Omid's methodBreadmaking description
1. [Propound!] and attune your elements, water, flour, salt, leavenGather the four ingredients
2. Mix some partiallyStart modified autolyse, or even "double hydration"
3. Hydrate the flourAutolyse
4. Add the rest and kneadAdd rest of ingredients (ex. Tartine salt/water). Mix or stretch and fold.
5. FermentBulk
6. LeavenByproduct of bulk
7. Make dough ballsForm panetti or loaves
8. More fermentation and LevitationBench rest and final proof
Don’t break your wrist, make love!Don't use a rolling pin!

John

Right on John!
Let me take it one step further & break it down as it relates to the traditional Italian way using a "biga naturale".  The magic number seems to be 20% biga & 9-12 hour fermentation.

Step 1: Refresh your madre
Step 2: Create the biga naturale (madre, water, flour)
Step 3: Ferment biga naturale until doubled (8-12 hours)
Step 4: Mix the final dough
Step 5: Rest 1/2 hour
Step 6: Form panetti

Matt

Offline dellavecchia

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Re: A PHILOSOPHY OF PIZZA NAPOLETANISMO!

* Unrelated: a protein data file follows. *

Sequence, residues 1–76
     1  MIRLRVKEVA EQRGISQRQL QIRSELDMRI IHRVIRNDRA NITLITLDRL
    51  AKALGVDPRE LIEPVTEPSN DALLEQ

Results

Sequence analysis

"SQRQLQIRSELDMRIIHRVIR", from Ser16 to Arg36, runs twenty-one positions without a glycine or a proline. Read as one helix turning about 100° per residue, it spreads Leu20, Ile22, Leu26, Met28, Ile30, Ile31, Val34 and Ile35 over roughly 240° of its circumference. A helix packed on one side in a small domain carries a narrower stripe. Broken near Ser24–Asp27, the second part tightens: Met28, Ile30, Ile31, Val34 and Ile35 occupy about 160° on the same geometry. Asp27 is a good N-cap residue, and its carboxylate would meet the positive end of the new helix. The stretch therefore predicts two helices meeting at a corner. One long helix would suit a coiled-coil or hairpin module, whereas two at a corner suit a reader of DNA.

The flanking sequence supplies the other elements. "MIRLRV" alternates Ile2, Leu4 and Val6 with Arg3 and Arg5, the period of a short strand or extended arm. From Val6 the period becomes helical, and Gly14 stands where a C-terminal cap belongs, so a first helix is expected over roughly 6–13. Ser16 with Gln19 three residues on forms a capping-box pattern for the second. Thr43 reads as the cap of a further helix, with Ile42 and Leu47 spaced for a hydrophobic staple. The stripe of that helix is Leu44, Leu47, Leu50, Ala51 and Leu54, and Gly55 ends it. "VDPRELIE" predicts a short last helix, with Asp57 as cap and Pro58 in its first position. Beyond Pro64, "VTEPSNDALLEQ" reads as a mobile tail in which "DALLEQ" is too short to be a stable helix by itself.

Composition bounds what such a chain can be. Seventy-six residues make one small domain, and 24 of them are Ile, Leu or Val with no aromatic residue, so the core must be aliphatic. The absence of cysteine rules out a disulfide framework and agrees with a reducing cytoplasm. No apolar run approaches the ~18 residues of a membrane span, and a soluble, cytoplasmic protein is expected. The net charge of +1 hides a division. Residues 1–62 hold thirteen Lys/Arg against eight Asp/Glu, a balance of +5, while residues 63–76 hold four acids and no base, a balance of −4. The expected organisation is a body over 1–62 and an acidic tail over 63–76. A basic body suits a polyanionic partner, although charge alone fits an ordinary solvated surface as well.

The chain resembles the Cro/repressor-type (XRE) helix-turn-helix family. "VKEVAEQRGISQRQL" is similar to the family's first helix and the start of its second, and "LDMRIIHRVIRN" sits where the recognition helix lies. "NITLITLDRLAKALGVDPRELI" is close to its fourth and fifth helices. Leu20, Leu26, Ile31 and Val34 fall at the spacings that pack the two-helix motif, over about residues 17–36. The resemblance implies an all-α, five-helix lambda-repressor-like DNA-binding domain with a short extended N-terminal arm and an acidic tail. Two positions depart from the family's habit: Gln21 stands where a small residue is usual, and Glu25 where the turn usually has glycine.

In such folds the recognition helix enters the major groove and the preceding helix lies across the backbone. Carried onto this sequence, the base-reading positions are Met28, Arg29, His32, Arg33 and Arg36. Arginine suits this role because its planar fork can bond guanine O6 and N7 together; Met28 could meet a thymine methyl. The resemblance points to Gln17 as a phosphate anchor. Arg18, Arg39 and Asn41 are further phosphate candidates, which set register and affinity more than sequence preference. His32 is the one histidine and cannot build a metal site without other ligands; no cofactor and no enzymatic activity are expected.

« Reply #40 on: June 30, 2011, 09:29:37 AM »

I would also agree that many of us have already been effectively hydrating our dough for some time now by doing an extended fermentation.   As you mentioned, this gives time for the enzymes to do their job, making the dough more fluid, extensible, etc.  We just weren't calling it that per se. 

Whether using a long (modified) autolyse or an overall long fermentation, the end result is the same.  That is we can effectively lower the hydration and achieve a similar working higher hydrated dough.

Exactly Chau. Suas says that the presence of salt and yeast can inhibit the autolyse process, but when your fermentation hours extends into the teens and twenties I fully believe it is achieving the same result. It would be interesting to hear Tom Lehmann's thoughts on this.

John

Offline dellavecchia

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Re: A PHILOSOPHY OF PIZZA NAPOLETANISMO!
« Reply #41 on: June 30, 2011, 09:32:25 AM »
Let me take it one step further & break it down as it relates to the traditional Italian way using a "biga naturale".  The magic number seems to be 20% biga & 9-12 hour fermentation.